Autonomous automobiles are looking a lot like other IoT investments - lots of players, overlapping technologies, an unknown consumer adoption curve, and commodification that will require massive scale for adequate returns. Now add a complex regulatory environment that can reshape all of those variables.
So who will make money?
The real rewards will likely come to those companies where the driver - the focus of autonomous vehicles - is a key factor to their business model:
First, services companies which can replace the cost of human workers, like trucking, delivery services, tour services, security, and shared vehicles (taxi services, mass transit).
Second, companies that will engage idle passengers, like communications networks, in-vehicle infotainment, content producers, and advertising - think contextual pop ups during your road trip.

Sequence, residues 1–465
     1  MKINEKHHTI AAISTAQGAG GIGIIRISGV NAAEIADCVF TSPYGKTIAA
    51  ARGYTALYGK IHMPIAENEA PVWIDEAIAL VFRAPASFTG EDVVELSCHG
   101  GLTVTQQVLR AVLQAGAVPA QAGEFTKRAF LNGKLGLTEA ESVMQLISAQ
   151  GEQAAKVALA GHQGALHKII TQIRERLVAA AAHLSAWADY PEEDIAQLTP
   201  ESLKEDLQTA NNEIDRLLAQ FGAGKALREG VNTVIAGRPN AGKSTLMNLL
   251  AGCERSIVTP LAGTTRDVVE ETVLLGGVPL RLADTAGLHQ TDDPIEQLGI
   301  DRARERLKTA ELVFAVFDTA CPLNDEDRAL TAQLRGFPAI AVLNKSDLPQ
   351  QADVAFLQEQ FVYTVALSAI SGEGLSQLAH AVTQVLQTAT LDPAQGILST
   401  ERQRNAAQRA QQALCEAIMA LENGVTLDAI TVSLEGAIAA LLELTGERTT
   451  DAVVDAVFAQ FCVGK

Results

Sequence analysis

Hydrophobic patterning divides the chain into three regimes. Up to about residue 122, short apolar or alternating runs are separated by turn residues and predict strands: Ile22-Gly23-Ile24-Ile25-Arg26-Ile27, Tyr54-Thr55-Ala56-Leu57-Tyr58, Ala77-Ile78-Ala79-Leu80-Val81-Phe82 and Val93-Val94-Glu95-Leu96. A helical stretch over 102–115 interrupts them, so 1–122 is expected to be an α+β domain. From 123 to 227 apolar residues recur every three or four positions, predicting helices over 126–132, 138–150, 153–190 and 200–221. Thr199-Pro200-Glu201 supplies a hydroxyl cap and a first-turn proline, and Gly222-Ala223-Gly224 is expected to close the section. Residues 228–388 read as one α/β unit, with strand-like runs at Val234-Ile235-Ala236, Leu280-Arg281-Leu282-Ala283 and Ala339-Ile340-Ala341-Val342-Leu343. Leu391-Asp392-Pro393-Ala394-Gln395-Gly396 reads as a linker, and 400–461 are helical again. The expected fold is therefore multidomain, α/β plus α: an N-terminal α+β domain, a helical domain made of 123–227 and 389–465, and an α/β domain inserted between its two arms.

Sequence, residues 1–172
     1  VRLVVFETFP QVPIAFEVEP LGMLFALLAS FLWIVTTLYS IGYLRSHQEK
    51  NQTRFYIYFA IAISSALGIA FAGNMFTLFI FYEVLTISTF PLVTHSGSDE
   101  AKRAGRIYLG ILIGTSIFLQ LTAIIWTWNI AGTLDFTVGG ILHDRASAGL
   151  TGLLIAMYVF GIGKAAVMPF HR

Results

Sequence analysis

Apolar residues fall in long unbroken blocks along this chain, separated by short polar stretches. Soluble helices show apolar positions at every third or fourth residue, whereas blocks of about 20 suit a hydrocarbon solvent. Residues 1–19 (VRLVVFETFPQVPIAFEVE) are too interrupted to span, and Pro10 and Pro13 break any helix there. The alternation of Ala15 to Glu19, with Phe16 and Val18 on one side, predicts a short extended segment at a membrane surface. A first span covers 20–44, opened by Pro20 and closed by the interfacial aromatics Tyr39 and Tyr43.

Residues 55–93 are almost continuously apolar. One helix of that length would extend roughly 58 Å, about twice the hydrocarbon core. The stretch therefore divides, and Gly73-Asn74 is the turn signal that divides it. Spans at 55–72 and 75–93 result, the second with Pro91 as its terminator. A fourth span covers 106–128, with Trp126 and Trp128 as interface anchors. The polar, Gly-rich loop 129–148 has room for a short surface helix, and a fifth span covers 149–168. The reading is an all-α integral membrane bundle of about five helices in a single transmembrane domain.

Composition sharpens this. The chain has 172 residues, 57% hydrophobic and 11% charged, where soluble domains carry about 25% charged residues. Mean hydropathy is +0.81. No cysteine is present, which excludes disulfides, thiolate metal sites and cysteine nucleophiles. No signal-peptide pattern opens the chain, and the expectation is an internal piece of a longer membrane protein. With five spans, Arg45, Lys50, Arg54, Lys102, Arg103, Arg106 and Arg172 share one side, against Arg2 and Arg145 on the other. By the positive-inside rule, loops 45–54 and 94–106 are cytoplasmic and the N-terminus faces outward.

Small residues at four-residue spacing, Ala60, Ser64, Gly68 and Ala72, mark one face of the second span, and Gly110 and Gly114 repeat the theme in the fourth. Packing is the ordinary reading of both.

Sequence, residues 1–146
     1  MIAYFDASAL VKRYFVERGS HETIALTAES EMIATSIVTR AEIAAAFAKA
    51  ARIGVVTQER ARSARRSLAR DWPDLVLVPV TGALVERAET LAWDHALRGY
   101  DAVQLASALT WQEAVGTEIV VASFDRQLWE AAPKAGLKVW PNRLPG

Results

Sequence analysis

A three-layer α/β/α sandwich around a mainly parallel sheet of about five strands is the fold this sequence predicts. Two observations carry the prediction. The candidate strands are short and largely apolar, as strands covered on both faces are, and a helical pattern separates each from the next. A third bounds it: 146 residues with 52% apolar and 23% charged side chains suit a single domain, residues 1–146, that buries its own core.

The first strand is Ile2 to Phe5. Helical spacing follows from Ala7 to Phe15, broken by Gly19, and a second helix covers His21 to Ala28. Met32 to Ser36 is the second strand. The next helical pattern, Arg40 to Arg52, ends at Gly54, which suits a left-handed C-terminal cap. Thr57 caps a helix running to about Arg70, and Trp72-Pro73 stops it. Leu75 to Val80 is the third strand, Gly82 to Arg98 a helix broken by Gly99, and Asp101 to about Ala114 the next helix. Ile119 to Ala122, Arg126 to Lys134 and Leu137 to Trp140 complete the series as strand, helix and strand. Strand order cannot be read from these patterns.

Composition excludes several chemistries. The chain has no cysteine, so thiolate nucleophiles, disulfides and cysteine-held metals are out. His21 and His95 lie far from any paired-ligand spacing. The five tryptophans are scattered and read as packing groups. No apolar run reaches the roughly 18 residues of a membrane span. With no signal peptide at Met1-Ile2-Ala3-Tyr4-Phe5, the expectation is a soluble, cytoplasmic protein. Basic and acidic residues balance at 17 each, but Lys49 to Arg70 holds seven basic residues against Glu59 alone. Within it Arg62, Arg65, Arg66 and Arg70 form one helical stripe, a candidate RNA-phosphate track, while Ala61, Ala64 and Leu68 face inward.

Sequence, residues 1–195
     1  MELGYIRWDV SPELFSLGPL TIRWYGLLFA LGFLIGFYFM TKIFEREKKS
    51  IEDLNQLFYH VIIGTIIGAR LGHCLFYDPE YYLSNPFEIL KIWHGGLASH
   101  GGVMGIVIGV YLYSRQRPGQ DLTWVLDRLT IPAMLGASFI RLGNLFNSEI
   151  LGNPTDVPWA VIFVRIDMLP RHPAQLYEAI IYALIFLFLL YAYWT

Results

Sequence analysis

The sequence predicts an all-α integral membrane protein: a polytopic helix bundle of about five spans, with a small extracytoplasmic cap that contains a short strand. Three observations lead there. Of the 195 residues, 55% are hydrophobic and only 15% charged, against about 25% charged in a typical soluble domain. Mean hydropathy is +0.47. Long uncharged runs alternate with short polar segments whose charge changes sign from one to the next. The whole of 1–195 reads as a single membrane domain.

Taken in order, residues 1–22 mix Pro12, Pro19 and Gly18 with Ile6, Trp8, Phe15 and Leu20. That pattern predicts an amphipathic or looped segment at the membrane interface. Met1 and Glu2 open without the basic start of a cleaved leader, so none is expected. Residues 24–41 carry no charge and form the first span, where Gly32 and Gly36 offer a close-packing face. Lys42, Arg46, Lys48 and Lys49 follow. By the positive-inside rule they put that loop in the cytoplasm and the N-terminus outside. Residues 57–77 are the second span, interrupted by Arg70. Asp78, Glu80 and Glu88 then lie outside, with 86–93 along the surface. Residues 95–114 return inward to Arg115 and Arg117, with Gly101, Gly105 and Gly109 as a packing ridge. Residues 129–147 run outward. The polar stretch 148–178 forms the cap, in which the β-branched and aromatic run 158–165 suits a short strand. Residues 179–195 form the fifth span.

Third, all the infrastructure companies that will enable passengers to travel cheaply and safely by rebuilding roads, installing charging stations, allowing remote parking, and so on.
"Although it is a substantial market, it may not be worth the scale of investments currently being sunk into it," said a board member at one of the German carmakers, who declined to be identified because the matter is confidential. Dozens of companies — including carmakers and tech firms like Google and Uber — are vying for a market which, according to consulting firm Frost & Sullivan, will only make up about 10 to 15 percent of vehicles in Europe by 2030. There are sure to be losers. "It's impossible for me to believe there will be 50 successful autonomous vehicle software producers," said John Hoffecker, global vice chairman of Michigan-based consulting firm AlixPartners.